Publisher: Microsoft Game Studios
Developer: Screenlife Games
Release Date: October 28, 2008
I never got into the "Scene It?" games when they were released as standard DVD game versions, despite enjoying movie trivia quite a bit. My first real exposure to the game was with the initial Xbox 360 release, Scene It?: Lights, Camera, Action, so the experience is still pretty fresh for me with the second 360 release, Scene It?: Box Office Smash.
The follow-up title comes with either the pack-in Big Button Pads that the first one had, or you can pick up the standalone game for $20 less if you purchased the initial bundle a year ago. This time out, there's also the addition of online play and the use of the new avatars from the NXE update, even though I couldn't quite figure out how to use my created avatar in the game yet (I'm assuming there will be a patch for that). Outside of a couple additions, the gameplay seems to stay pretty similar to what we had before, and while I believe there are a few new puzzle additions, the idea and how the game plays will be familiar to anyone who's played a Scene It? title in the past.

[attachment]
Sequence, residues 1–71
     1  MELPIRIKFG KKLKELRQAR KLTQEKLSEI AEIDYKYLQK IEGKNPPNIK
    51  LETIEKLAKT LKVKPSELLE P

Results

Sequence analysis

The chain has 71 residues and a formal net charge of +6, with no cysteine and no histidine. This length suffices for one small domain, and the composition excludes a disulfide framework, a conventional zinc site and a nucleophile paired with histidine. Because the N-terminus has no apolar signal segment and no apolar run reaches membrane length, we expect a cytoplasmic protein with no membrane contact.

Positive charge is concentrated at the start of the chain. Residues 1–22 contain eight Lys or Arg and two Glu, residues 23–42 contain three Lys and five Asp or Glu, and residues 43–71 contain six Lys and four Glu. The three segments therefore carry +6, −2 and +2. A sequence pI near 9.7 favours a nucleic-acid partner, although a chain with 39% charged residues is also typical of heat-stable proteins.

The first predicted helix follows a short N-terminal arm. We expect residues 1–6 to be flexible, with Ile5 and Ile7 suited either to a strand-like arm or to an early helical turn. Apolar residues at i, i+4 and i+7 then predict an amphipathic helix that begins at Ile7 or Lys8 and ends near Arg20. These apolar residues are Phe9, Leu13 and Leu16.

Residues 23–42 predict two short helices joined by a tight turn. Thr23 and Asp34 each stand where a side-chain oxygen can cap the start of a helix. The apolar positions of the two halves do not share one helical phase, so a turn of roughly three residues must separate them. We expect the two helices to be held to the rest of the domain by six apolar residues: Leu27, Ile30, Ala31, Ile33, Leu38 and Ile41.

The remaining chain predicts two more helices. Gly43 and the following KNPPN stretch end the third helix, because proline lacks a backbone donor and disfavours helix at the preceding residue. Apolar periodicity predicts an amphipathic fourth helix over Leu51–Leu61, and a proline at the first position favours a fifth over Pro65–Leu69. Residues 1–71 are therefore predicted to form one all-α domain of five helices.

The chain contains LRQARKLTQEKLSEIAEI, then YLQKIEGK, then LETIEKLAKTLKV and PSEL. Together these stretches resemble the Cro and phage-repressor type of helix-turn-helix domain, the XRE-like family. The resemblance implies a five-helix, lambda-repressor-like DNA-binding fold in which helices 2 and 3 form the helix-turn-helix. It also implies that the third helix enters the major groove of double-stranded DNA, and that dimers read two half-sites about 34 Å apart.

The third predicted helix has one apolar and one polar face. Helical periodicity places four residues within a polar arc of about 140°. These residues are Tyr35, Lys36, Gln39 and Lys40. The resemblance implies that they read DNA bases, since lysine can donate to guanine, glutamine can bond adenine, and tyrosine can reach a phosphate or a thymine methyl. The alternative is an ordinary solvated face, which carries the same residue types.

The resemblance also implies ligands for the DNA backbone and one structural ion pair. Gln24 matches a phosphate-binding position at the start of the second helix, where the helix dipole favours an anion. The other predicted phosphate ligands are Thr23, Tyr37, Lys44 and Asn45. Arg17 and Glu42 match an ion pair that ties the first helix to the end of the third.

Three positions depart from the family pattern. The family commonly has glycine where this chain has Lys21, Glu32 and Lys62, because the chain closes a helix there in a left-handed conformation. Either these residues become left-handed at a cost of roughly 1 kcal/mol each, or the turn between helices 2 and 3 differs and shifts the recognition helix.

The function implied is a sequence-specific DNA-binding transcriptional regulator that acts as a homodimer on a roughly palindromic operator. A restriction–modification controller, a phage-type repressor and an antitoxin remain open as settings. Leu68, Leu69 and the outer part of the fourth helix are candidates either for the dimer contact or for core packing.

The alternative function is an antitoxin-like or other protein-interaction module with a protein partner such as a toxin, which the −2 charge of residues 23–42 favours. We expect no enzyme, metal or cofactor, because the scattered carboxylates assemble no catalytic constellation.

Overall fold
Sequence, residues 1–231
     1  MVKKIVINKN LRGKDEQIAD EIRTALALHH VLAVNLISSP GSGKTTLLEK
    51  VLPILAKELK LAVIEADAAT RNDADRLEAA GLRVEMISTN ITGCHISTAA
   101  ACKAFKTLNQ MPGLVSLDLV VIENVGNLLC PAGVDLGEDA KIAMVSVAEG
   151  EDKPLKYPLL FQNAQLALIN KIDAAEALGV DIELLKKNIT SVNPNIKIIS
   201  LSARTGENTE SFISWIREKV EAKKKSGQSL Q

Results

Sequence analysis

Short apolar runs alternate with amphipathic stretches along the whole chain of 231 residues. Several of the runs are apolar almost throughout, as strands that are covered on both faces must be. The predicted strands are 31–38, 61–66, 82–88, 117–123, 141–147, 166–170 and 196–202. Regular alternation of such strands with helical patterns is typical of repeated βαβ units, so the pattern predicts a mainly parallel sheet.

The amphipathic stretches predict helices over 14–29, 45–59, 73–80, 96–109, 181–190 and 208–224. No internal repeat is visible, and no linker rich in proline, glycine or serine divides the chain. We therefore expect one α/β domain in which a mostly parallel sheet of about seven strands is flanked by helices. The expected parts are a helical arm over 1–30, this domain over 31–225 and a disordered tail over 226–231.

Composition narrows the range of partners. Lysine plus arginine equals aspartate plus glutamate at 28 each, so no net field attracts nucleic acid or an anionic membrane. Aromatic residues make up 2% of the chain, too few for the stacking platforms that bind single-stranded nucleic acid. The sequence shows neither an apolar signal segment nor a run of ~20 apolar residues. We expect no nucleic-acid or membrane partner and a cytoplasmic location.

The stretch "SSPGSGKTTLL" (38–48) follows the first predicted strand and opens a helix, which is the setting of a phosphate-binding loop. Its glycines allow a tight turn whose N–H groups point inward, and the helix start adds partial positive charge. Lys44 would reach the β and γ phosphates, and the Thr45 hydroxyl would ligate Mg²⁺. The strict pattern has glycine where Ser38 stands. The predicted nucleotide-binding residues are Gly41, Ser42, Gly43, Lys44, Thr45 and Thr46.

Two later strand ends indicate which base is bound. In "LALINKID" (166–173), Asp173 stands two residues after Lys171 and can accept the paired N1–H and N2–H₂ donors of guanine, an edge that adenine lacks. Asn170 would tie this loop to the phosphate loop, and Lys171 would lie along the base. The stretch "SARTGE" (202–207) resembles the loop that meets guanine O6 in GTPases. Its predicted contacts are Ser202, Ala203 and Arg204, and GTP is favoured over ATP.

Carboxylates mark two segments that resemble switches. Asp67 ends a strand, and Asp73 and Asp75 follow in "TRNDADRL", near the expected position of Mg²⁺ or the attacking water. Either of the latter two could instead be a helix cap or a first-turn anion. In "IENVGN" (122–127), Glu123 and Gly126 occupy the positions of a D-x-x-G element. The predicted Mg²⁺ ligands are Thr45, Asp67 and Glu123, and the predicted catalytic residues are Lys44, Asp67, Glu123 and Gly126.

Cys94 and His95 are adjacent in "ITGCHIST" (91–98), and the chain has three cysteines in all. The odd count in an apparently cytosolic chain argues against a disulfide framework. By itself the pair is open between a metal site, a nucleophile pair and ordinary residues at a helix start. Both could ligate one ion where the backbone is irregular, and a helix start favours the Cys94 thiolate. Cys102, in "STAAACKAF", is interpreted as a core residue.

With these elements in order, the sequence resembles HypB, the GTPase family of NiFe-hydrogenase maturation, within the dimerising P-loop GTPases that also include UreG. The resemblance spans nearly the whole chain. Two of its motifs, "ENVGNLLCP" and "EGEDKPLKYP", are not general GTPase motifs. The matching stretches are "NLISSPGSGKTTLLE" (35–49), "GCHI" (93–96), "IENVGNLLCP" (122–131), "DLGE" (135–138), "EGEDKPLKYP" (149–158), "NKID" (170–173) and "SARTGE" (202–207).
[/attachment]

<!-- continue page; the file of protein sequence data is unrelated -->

Ideally, Box Office Smash is designed to be played with up to four players, and it works best with a full group. There is a single-player mode that allows you to go through a 10-puzzle block, with score multipliers that rack up your tally as you advance through the ranks, but by the time you finish, you'll realize that playing a trivia game by yourself isn't exactly ideal. However, when you're going up against three other opponents, especially those who can hold their own with movie trivia, the experience is definitely enjoyable, and it also allows for a few different options when it comes to game modes.